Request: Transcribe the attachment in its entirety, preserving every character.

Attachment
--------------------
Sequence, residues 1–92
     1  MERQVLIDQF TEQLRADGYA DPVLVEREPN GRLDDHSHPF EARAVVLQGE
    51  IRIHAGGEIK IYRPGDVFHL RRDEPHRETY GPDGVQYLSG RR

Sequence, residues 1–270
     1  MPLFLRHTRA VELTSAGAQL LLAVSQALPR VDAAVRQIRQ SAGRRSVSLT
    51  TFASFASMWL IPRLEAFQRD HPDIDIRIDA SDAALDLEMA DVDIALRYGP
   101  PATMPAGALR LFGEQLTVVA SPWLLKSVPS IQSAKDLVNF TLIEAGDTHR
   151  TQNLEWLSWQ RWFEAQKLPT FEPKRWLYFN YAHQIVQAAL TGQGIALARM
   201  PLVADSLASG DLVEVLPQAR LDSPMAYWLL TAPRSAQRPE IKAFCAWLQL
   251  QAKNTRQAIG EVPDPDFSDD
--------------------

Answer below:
Sequence, residues 1–92
     1  MERQVLIDQF TEQLRADGYA DPVLVEREPN GRLDDHSHPF EARAVVLQGE
    51  IRIHAGGEIK IYRPGDVFHL RRDEPHRETY GPDGVQYLSG RR

Sequence, residues 1–270
     1  MPLFLRHTRA VELTSAGAQL LLAVSQALPR VDAAVRQIRQ SAGRRSVSLT
    51  TFASFASMWL IPRLEAFQRD HPDIDIRIDA SDAALDLEMA DVDIALRYGP
   101  PATMPAGALR LFGEQLTVVA SPWLLKSVPS IQSAKDLVNF TLIEAGDTHR
   151  TQNLEWLSWQ RWFEAQKLPT FEPKRWLYFN YAHQIVQAAL TGQGIALARM
   201  PLVADSLASG DLVEVLPQAR LDSPMAYWLL TAPRSAQRPE IKAFCAWLQL
   251  QAKNTRQAIG EVPDPDFSDD